Poetry spills from my lips so it’s harder to write when I have someone to kiss.
On a hot as fuck day in October, we kiss. I make it a point not to remember the day because I promised myself I wouldn’t be sentimental anymore. So, I didn’t. All I did was numb myself to it as it washed over my existence. It built up beneath my mask until I scratched it out.
It’s a starry night in December, the shit poets dream about, and we are still together. Poets dream about things like this too; pushing deadlines till they cease to exist. So here we are somehow existing beyond our shelf life, stumbling drunk from the bar as I lean on you, I tell you I am attached to you.
It’s hot again in January but now the heat is different. A paradoxical heat because it brings forth destruction in a month of new beginnings. We reached our shelf life. We burnt it all and we each carry equal blame.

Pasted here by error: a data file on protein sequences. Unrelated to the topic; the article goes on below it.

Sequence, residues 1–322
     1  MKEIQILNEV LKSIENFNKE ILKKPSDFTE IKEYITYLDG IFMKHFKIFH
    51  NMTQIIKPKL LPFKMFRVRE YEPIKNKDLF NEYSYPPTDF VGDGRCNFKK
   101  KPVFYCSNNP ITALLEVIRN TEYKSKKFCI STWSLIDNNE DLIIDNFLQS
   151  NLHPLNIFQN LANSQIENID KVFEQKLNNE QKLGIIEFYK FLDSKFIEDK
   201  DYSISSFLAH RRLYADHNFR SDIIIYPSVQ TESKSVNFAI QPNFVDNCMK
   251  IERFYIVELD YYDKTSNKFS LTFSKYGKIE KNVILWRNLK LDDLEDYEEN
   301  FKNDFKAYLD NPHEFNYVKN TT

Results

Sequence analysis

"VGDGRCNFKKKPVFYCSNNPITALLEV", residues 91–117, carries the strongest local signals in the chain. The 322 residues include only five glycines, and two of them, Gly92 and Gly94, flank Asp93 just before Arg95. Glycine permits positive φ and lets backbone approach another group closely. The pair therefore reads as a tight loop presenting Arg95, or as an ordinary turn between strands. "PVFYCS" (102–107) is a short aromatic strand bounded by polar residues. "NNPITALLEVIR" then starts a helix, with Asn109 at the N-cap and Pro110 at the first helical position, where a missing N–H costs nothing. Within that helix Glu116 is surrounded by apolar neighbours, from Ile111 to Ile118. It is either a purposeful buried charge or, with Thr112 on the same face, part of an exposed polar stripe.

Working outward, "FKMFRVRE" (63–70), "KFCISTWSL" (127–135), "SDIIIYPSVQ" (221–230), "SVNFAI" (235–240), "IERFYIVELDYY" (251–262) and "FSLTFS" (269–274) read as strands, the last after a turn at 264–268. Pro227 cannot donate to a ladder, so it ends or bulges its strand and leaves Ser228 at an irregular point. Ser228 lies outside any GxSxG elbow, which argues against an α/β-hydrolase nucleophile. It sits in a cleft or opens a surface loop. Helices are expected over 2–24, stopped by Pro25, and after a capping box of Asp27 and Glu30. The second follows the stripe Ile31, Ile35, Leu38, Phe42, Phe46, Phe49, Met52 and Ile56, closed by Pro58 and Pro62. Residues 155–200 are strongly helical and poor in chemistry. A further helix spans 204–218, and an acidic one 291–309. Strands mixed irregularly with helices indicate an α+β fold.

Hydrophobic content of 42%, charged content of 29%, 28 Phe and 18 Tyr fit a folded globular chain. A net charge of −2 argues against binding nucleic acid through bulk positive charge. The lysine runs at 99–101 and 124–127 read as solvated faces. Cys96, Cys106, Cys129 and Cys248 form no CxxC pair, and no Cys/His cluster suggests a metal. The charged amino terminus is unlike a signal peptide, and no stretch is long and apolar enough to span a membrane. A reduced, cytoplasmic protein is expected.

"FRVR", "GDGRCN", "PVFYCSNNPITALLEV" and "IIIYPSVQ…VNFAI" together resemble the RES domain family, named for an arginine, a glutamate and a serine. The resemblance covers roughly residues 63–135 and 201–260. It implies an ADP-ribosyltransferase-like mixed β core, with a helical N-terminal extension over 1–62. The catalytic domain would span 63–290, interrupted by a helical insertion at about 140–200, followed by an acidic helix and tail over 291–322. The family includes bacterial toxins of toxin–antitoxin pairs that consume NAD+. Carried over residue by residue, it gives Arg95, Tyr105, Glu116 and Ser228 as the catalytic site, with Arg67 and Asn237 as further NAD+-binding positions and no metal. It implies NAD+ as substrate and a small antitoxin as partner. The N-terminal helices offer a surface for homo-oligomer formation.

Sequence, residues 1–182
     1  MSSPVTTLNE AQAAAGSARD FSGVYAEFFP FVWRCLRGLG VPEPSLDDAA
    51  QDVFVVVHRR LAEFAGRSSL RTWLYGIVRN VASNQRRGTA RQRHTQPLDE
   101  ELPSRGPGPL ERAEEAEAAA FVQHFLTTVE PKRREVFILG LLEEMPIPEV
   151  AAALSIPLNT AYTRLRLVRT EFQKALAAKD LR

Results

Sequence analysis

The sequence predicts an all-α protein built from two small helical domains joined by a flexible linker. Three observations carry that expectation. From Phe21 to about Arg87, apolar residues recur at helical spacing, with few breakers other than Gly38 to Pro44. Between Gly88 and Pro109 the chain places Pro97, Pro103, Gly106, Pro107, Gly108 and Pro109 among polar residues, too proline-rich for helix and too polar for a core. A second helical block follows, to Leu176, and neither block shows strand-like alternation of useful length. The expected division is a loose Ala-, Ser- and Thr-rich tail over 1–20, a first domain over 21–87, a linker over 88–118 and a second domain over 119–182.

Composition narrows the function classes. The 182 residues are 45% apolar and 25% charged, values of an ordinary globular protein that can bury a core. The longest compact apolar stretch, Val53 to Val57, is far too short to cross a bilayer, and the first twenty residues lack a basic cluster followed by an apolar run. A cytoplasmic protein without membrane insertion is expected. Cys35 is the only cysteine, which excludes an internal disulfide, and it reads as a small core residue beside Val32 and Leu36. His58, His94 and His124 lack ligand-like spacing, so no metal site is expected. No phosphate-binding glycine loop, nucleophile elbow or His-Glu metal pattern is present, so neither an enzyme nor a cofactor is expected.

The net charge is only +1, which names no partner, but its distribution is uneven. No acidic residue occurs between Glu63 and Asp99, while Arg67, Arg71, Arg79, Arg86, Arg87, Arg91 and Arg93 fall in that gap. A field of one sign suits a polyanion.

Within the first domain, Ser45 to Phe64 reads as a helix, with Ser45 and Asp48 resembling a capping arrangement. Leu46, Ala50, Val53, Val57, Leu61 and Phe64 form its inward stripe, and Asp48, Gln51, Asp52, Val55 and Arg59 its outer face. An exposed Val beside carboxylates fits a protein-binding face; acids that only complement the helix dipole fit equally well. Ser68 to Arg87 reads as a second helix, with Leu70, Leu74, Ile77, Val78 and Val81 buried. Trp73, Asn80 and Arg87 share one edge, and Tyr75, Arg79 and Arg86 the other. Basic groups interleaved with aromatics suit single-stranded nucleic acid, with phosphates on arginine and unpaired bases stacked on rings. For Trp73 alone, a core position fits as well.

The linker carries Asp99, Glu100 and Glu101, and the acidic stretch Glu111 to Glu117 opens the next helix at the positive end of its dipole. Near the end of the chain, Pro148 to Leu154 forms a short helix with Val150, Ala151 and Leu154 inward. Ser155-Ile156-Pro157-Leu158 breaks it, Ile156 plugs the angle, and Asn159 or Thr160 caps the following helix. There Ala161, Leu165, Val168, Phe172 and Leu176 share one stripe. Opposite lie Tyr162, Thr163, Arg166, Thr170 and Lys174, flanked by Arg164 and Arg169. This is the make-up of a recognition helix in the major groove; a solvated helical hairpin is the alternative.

On a foggy morning in February, we are drifting in the unknown, we talk about the Phoenix. You said sometimes we must burn to create. We will burn again, but not today.
Poets describe love as a fever that cannot be put out unless the beloved is within reach. Maybe my words are a symptom of that fever.
“We were prone to so many disasters — lives lost to suicide, minds wrecked, hearts marooned in the backwaters of time, bodies burning with pointless obsessions — and we gave each other a hell lot of trouble.”
– Pinball, Haruki Murakami